Pederson's ACC move sets up his future

Pitt athletic director Steve Pederson has taken his share of criticism since returning to the university in 2007.

It's hard to go unscathed when your football program features a revolving door of coaches over a two-year span, ultimately turning the Panthers into a punchline.

Now, though, there is no punchline, and there are no more jokes. Despite the strikes Pederson made in the football hiring department, he saved himself with one grand slam stroke of maneuvering that has secured the Pitt athletic department well into the future.

He got Pitt into the ACC.

So it comes as little surprise to see that Pederson has earned a five-year contract extension through at least 2018. Getting Pitt into a stable conference home should qualify as his crowning achievement. Because Pitt has a future now. A solid future. Now, there are undoubtedly those staying behind in the Big East who blame Pitt and Syracuse for what has happened to that league. Their surprise defections triggered yet another wave of realignment, and ultimately spelled doom for the Big East as everybody knew it.

Fingers have been pointed countless times. What ifs have been asked even more. What if Pitt and Syracuse had stayed? Would college football have realigned again? Those questions are not based in reality, of course. Reality says the Big East was a fraying league at the time Pitt left, one that many believed would eventually be torn apart because of its clashing football and basketball interests. Reality says realignment was set in motion before Pitt and Syracuse left. Reality says Pitt looked far into the future and saw the ACC -- not the Big East -- still standing.

It is hard to blame Pitt for doing what was in its best interest. The ACC was always the more stable, lucrative conference. It made perfect sense for the Panthers to make the jump. So quietly, Pederson worked backchannels to make the move happen. In the news release announcing Pederson's contract extension, Chancellor Mark A. Nordenberg only mentioned the ACC move in his statement.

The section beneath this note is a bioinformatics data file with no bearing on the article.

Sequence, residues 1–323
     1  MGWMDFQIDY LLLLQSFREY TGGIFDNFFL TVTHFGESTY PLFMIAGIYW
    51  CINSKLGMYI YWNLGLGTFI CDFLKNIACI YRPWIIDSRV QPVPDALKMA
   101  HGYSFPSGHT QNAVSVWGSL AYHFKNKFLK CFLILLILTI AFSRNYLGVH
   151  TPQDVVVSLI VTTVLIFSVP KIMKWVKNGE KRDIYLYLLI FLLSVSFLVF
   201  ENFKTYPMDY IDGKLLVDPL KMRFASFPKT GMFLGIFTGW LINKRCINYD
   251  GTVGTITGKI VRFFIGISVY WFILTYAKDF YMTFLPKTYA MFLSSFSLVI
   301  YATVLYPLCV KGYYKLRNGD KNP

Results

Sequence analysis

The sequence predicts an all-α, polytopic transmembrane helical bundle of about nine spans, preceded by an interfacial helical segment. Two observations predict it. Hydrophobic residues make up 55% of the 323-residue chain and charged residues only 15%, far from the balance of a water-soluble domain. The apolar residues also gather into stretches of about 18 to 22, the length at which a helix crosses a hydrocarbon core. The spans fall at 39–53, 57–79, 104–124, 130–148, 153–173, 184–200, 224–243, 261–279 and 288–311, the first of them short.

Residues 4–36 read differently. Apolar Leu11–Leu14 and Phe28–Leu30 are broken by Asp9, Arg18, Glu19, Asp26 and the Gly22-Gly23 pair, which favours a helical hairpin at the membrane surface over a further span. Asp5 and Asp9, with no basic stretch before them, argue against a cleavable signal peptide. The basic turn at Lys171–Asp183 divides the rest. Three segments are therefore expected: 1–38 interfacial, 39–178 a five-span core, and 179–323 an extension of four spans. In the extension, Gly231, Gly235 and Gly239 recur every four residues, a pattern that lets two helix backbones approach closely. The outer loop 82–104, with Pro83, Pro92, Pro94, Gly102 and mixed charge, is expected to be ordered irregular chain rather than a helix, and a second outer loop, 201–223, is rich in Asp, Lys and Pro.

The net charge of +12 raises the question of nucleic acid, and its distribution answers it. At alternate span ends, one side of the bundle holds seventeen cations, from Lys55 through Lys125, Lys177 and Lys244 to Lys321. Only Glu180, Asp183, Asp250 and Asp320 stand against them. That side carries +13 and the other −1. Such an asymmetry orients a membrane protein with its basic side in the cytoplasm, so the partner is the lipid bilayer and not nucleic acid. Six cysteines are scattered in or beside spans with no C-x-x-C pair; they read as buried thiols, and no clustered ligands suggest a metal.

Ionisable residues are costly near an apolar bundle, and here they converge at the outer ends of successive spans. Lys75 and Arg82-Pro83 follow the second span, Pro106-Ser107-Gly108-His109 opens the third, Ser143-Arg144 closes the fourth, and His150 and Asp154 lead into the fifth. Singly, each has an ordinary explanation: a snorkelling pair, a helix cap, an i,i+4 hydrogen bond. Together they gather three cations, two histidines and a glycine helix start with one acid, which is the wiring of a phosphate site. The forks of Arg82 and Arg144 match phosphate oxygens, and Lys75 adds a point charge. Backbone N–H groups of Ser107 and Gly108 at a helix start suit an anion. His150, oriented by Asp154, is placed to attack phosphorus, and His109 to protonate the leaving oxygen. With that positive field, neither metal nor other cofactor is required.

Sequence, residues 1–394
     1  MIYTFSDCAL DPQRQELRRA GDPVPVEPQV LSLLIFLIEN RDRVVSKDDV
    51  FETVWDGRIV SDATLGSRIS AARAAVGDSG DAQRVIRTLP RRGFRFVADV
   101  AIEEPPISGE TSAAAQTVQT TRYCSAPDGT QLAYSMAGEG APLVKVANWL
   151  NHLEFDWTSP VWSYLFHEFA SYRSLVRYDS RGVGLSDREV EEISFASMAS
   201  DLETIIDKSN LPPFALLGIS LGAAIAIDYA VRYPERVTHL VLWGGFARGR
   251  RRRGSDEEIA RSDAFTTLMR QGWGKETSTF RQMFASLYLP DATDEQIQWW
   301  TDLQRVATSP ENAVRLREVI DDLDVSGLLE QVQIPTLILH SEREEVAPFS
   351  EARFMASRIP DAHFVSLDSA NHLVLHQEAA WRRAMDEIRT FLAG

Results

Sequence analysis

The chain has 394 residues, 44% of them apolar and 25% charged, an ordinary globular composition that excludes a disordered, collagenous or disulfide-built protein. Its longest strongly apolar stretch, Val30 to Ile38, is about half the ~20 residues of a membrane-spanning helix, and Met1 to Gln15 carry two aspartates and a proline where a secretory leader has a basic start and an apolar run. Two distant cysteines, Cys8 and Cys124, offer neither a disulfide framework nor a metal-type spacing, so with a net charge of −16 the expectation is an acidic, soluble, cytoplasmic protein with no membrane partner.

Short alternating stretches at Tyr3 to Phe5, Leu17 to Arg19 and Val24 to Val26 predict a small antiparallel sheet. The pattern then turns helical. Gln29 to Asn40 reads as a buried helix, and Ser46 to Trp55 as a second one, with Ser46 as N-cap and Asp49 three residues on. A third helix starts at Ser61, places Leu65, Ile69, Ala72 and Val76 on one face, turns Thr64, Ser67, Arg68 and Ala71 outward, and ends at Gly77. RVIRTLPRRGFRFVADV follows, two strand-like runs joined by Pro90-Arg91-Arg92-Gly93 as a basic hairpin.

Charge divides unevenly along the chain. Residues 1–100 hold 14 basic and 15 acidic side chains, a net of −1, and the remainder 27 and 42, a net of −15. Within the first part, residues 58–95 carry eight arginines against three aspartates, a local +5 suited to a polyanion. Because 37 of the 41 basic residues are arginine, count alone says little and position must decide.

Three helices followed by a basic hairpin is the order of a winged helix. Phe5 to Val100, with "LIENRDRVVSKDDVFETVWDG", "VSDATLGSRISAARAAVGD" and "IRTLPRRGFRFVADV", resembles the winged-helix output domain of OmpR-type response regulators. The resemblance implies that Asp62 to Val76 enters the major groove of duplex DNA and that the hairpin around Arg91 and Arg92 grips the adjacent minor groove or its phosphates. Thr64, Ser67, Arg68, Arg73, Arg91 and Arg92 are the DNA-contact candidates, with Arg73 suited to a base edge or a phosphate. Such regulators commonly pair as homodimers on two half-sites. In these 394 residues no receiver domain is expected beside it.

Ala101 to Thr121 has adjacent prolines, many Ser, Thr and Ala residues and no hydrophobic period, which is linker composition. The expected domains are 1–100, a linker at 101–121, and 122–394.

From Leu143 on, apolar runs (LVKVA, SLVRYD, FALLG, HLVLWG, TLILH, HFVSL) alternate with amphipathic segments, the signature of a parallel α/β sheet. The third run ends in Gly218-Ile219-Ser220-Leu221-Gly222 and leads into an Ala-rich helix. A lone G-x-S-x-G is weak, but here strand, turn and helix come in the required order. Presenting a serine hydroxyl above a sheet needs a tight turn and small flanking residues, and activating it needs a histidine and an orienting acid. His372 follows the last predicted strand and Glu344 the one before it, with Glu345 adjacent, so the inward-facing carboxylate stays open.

Nordenberg said, in part, "Just two years ago, during a period of significant conference instability, Steve was a driving force in helping us to find the best possible conference home. When we received an invitation to join the ACC, Pitt not only had the chance to move to an outstanding athletic conference but also became aligned with some of the nation’s most prestigious academic institutions."

Now, take a gander at what is left of the soon-to-be renamed Big East:

No guaranteed tie-in to the Orange Bowl.

No high-profile bowl tie-ins, period.

No big boy seat at the College Football Playoff revenue distribution table.

And, most important of all, no TV contract that pays $17 million per school per year, potentially on the way up to $20 million per school per year.

Had Pitt not been proactive, it could be sitting where UConn sits today.

The move in itself is a program changer. And it is enough to gloss over the bad football hires Pederson made in succession (Mike Haywood, Todd Graham) and the other criticism that has drifted his way. Pederson deserved the extension the second Pitt joined the ACC.

The next challenge is for the Panthers to prove themselves worthy.